Tuesday, March 11, 2014

Nasa Cassini: Liquid Hydrogen provides important data for planetary models

The gas giant Jupiter, captured by the US-European space ship Cassini-Huygens. 

Credit: NASA/JPL/Space Science Institute

Using DESY's X-ray laser FLASH, researchers took a sneak peek deep into the lower atmospheric layers of giant gas planets such as Jupiter or Saturn.

The observations of the team around lead author Dr. Ulf Zastrau from the University of Jena reveal how liquid hydrogen becomes a plasma, and provide information on the material's thermal conductivity and its internal energy exchange, which are important ingredients for planetary models.

The hydrogen jet inside the sample chamber. 

Credit: Sven Toleikis/DESY

The scientists present their experiments in Friday's issue of the scientific journal Physical Review Letters.

The atmosphere of gas giants consists mainly of hydrogen, which is the most abundant chemical element in the universe.

"We have very little experimental knowledge about the hydrogen in the interior of such planets," says Zastrau. "This is despite our very good theoretical models."

The researchers therefore decided to use cold liquid hydrogen as a sample of the planetary atmosphere.

"Liquid hydrogen has a density that corresponds to that of the lower atmosphere of such giant gas planets," explains Zastrau.

The scientists used DESY's X-ray laser FLASH to heat liquid hydrogen, almost instantaneously, from minus 253 to around 12,000 degrees Celsius and simultaneously observed the properties of the element during the heating process.

Hydrogen is the simplest atom of the periodic table, consisting of a single proton in the atomic nucleus, which is orbited by a single electron. Normally, hydrogen occurs as a molecule consisting of two atoms.

Ulf Zastrau
The X-ray laser pulse initially heats only the electrons. These slowly transfer their energy to the protons, which are around 2,000 times heavier, until a thermal equilibrium is reached.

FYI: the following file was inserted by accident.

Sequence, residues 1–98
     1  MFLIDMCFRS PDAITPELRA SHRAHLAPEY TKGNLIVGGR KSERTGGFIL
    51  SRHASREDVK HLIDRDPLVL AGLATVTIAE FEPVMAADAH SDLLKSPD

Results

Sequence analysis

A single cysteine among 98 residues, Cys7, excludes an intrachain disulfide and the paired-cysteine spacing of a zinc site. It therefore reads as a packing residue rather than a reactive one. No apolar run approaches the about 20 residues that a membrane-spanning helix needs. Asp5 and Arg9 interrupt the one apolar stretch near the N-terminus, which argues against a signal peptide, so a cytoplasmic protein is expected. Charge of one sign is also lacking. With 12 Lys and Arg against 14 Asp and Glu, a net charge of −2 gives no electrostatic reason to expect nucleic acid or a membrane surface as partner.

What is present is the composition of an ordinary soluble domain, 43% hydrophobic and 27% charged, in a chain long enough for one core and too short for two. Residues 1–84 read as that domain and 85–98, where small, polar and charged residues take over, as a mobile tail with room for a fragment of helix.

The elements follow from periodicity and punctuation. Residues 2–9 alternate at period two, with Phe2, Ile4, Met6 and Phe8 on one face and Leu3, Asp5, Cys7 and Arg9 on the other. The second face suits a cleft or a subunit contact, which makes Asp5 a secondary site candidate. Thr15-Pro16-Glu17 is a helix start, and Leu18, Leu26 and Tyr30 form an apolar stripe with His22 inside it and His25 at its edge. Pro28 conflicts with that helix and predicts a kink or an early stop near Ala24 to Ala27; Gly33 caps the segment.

The molecular bonds break during this process, and a plasma of electrons and protons is formed.

Although this process takes many thousands of collisions between electrons and protons, the studies showed that the thermal equilibrium is attained in just under a trillionth of a second (a picosecond).

Thomas Tschentscher
"Our experiment showed us the way of how to investigate dense plasmas with X-ray lasers," says Dr. Thomas Tschentscher, scientific director of the European XFEL X-ray laser, at which experiments will be possible in 2017.

"This method opens up the road for further studies, e.g. of denser plasmas of heavier elements and mixtures, as they occur in the interior of planets."

"Hopefully, the results will provide us among others with an experimentally based answer to the question, why the planets discovered outside our solar system do not exist in all imaginable combinations of properties as age, mass, size or elemental composition, but may be allocated to certain groups."

More Information: “Resolving ultra-fast heating of dense cryogenic hydrogen”; U. Zastrau et al.; Physical Review Letters, 2014; DOI: 10.1103/PhysRevLett.

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